Karner Blue (Photo by Jim Peterson)
The Karner blue butterfly has come up in conversations and email a couple of times today. I have spent most of the week at meetings concerning this butterfly, so I decided that the karmic forces of the universe must be hinting that I should post a blog entry about it. It’s a lovely, but tiny, blue butterfly with prominent orange spots on the hindwings. It measures less than an inch across, even with its wings fully opened. It generates as much interest as it does because it has been declared an endangered species at the federal level.
An aside about the term endangered species here: it has similar but distinct meanings in its everyday and its legal usage. Both meanings reflect the idea that the species is at risk of becoming extinct. In its legal sense, however, it means that the species has been formally recognized by the government as being sufficiently at risk to confer special legal status on it. In part this status protects the species against "taking" (killing or otherwise removing it from its habitat). In many cases, including the Karner, this also means very specific goals for recovery.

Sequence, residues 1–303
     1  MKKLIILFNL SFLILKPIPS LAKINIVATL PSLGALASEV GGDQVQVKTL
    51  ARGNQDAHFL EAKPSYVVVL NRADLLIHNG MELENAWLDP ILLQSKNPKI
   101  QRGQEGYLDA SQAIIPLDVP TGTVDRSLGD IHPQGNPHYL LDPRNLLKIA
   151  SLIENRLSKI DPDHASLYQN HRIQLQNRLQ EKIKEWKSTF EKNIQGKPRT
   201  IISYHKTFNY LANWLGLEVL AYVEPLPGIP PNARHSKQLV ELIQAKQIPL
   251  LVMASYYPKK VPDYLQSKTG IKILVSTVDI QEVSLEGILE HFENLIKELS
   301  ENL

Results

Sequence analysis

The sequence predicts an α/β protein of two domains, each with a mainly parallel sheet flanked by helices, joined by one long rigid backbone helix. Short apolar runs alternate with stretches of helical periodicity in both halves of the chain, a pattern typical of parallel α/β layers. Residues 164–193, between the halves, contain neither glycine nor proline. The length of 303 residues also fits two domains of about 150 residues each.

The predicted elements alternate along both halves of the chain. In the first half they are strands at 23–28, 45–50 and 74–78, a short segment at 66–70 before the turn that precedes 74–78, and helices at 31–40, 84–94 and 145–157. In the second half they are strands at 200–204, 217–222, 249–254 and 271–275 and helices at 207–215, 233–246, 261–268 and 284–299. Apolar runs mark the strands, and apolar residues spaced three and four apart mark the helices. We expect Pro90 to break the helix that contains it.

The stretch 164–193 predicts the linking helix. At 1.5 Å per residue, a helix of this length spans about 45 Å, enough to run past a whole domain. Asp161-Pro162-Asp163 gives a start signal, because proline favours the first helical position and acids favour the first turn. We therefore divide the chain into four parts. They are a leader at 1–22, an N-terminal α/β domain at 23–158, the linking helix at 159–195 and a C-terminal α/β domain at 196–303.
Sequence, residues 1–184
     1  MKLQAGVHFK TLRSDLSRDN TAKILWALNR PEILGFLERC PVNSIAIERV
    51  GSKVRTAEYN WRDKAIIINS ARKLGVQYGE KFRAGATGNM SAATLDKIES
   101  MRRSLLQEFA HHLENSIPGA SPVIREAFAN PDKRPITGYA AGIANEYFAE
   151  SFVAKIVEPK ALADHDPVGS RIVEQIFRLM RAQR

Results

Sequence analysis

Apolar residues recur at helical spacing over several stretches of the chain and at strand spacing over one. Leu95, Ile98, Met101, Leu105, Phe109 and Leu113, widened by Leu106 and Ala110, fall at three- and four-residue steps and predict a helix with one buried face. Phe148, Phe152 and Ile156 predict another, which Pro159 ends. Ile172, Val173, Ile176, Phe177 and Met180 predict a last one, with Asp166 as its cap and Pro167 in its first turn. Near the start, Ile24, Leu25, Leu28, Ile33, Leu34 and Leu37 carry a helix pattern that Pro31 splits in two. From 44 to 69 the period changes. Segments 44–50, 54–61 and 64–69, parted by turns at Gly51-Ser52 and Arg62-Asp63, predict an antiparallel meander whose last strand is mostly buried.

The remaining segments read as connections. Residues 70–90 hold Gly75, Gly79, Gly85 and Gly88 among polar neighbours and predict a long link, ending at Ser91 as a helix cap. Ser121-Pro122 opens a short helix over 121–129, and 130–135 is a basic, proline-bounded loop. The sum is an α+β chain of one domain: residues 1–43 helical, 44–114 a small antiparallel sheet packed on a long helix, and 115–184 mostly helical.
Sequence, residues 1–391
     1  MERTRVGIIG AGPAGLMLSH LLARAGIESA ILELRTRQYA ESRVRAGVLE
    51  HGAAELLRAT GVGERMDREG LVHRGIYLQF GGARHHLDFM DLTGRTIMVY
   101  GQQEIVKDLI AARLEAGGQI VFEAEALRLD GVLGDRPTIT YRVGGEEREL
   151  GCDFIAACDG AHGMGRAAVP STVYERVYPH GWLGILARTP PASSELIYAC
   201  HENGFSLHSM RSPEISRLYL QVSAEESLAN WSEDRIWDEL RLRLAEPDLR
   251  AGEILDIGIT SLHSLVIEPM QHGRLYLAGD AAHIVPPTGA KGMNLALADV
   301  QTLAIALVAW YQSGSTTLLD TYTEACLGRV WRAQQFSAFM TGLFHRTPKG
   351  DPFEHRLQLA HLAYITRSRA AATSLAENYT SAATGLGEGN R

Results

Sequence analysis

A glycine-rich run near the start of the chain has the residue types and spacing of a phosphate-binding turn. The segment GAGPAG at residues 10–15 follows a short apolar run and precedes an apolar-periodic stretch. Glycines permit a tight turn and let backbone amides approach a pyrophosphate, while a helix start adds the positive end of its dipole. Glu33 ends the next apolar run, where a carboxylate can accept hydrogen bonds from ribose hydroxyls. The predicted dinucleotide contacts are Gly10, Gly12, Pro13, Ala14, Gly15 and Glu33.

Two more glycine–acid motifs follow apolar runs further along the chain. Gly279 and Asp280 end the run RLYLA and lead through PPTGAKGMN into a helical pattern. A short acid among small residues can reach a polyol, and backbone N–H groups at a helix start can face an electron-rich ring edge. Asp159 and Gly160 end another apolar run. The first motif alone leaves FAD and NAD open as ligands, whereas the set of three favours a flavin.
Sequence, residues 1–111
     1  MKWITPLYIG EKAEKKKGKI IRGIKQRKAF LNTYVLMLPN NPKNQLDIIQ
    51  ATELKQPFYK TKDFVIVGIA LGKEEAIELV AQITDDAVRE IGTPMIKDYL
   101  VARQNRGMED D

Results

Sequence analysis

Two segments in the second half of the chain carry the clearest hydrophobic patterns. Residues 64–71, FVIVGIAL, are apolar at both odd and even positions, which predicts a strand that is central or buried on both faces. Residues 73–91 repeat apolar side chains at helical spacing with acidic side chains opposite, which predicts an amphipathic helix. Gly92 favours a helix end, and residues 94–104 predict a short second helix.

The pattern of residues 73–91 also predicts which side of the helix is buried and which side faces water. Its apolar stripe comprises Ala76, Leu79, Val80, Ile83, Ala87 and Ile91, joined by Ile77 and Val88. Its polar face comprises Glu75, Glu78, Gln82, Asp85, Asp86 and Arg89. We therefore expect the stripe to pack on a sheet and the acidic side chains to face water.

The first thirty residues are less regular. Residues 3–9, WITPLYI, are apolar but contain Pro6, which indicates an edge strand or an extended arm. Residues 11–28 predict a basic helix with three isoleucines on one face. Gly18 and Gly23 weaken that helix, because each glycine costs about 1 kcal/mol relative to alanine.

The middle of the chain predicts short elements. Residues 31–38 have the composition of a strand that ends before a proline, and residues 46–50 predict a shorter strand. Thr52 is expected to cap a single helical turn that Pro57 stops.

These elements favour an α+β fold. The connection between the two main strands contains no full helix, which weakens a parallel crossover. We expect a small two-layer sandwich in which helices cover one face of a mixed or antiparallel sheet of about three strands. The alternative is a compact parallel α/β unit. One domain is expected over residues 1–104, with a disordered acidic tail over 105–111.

On Monday I attended a meeting in Lake County to discuss the possibility of returning Karner blues to Illinois. It will be a number of years before that might happen, but it’s still exciting to think that it might, and to have the opportunity to be part of the team that is making it happen.
Simulated butterfly monitoring in the rain
On Wednesday and Thursday, I was at a course at the Indiana Dunes learning a new statistical and monitoring technique called distance sampling. It was all interesting stuff and well taught. We got to do a butterfly monitoring simulation in the rain. I was calmed during the trickier mathematical sections by the wise and benevolent gaze of Glurk, who oversaw the proceedings. Statistical geeks will be interested in the instructor’s prediction of the impending demise of R^2, the correlation coefficient. I don’t think that I can deal with the loss of Pluto, Marshall Fields and R^2 all in the same month. At least we got good weather and were able to see some interesting places and creatures during the morning on Thursday.
Statistics and the legal arcana of the Endangered Species act aside, the Karner blue is a really cool butterfly. It inhabits the black oak savanna, a type of ecosystem that is itself endangered. It’s found from southern New Hampshire to Minnesota, and is now absent from a lot of its former range (which once included the island of Manhattan). It would be a tragedy to lose it forever. Fortunately, a lot of people are now working very hard to prevent this from happening.
Black oak savanna in Indiana
Locust borer beetle - one of the interesting creatures we saw in Indiana